In Cuba recently press conferences and new reports celebrated the ten-year anniversary of Operation Miracle, known also as “Mision Miracle,” which occurred on July 8. This internationalized project aimed at restoring vision on a massive scale took shape within the context of ALBA, the Bolivarian Alliance for the Peoples of Our America.
Cuba and Venezuela launched ALBA in late 2004. Latin American and Caribbean nations belonging to ALBA engage in mutually beneficial trade-offs of educational and medical services, scientific projects, even commodities. They are referred to as solidarity exchanges. ALBA exemplifies Cuba and Venezuela’s central role in promoting regional integration.
Under Operation Miracle, Cubans and Venezuelans benefit from surgical eye care, as do tens of thousands of foreign nationals who’ve traveled to Cuba for treatment. Cuban ophthalmologists serving in Venezuela took the lead in establishing 26 eye care centers throughout that national territory. Staff consisting of eye surgeons, nurses, technicians, and other physicians have served Venezuelans and also vision- impaired people from 17 Latin American countries plus Italy, Portugal, and Puerto Rico. More recently organizers established centers in 14 Latin American and Caribbean nations. Ten years after its start the project operates in 31 countries, some in Africa and Asia.
Those receiving diagnosis and treatment through Operation Miracle had gone without eye care because of poverty and/or geographic inaccessibility. The most common cause of reduced vision the teams deal with is cataract. They provide treatment also for glaucoma, strabismus, retina problems, and abnormal ocular growths. Corrective lenses are provided. Services are available for patients at no personal cost, as are transportation and accommodations.
Operation Miracle reportedly has improved or restored vision for 3.4 million individuals. That measure of the project’s reach takes on additional meaning through World Health Organization data showing that 39 million people in the world are blind. These figures are within reach of one another, especially because most visual impairment – 80 percent – is preventable or curable.
So it seems that two formerly colonized, dependent nations have taken giant steps toward addressing a major cause of human disability. But who, one asks, knows this story of human betterment? Writing recently for Cuba’s La Pupila Insomne web site, journalist Jose Manzaneda charges that international media ignored this “spectacular news.”
He highlights the Spanish El Pais newspaper as a purveyor of anti-Cuban bias. Recently El Pais writer Mauricio Vivent reported on international assistance to Haiti, but failed to mention Cuban efforts to fill Haiti’s health-care vacuum. In fact, according to Manzaneda, 11,000 Cuban health workers, mostly physicians, have served in Haiti for more than 16 year, and 700 of them are there now. They’ve cared for 20 million patients, performed 373,000 surgical operations, and delivered 150,000 babies. Over1300 Haitian young people, recipients of Cuban government scholarships, have graduated from Cuban universities Currently 322 Haitians are studying medicine in Cuba.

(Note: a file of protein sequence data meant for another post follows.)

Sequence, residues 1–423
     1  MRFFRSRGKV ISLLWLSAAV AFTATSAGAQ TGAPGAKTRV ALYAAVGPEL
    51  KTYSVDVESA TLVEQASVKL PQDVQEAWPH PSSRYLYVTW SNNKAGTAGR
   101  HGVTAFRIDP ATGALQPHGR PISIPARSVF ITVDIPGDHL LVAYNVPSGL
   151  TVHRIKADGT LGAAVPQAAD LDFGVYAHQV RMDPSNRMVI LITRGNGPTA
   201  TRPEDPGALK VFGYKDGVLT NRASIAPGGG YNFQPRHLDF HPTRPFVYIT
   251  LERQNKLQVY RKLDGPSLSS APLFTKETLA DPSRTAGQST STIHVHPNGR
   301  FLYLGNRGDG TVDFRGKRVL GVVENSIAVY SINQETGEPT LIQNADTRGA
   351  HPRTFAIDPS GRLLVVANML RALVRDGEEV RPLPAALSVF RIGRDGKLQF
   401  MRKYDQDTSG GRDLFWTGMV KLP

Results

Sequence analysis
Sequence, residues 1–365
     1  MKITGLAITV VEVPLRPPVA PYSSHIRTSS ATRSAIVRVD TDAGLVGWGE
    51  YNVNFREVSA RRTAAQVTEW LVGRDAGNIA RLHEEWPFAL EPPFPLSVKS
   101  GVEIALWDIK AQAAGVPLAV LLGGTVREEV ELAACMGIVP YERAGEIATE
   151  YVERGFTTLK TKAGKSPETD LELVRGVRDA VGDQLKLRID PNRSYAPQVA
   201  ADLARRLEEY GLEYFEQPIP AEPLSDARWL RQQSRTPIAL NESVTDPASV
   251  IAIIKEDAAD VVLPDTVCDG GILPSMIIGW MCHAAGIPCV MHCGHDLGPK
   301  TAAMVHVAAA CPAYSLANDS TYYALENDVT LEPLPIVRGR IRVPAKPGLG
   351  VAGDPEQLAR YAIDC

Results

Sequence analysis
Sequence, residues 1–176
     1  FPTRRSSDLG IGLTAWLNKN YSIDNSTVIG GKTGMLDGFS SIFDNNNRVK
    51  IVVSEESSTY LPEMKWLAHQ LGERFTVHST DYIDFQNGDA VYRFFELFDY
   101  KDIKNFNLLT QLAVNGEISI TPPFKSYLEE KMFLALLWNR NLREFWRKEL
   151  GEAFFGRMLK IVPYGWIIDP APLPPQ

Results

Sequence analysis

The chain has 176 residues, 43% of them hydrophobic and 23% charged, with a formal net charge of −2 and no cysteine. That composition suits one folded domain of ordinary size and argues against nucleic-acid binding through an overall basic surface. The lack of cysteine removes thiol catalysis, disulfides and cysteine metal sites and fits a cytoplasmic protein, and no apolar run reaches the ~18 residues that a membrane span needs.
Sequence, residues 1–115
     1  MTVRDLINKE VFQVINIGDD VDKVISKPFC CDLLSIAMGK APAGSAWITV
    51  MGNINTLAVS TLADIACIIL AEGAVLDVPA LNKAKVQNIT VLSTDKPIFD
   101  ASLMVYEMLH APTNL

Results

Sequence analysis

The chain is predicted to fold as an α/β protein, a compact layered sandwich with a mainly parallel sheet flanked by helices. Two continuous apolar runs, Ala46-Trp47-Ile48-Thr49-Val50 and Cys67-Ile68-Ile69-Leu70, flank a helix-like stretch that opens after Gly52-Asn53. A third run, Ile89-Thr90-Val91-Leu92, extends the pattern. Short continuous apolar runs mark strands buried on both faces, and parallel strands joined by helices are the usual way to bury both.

Why the reticence on the part of the world’s dominant media? Historian Aviva Chomsky speculated in 2000 that Cuba is suspect because of its “threat of a good example.” She was writing about Cuban health care achievements.
The recent visit to Cuba of Dr. Margaret Chan, Director – General of the World Health Organization, elevated that threat to high alert. On July 16, while participating in the inauguration of a new structure in Havana that will house a center for bio-pharmaceutical development and another for clinical trials, she observed that Cuba “is the only country I have visited with a [health] system tightly connected with research and development in a closed circle … The objective of science is to serve health care and health and in this, Cuba is an example.” Chan lauded “the Cuban purpose of benefiting not only the health of Cubans but also of the citizens of Latin America and the rest of the world.”
Writing in the new guest book, Chan congratulated one center “for its great achievements over 25 years. This has been possible through the vision of leaders like Fidel and Raul Castro who think strategically, for the long term, and established the bases for the success we see today. I congratulate them for their contribution to the improvement of the health of people in Cuba, in the region, and in the world. The Pan American Health Organization and the World Health organization will always be your good and trustworthy friends.”
In a 2008 letter explaining his decision no longer to serve as Cuba’s president, Fidel Castro stated that, “My only wish is to fight as a soldier in the battle of ideas.” Indeed, medical outreach to Haiti, Operation Miracle, ALBA, and the centers that Dr. Chan praised are themselves ideas that Cuba has advanced, in struggle. The overarching idea, however, is “Patria es Humanidad” (homeland is humanity) which was pronounced by Cuban national hero Jose Marti. Surely, as demonstrated by down –to- earth, people – centered instances of international solidarity, Cuba’s revolution remains true to its Martian roots.
W.T. Whitney Jr. is a retired pediatrician and political journalist living in Maine.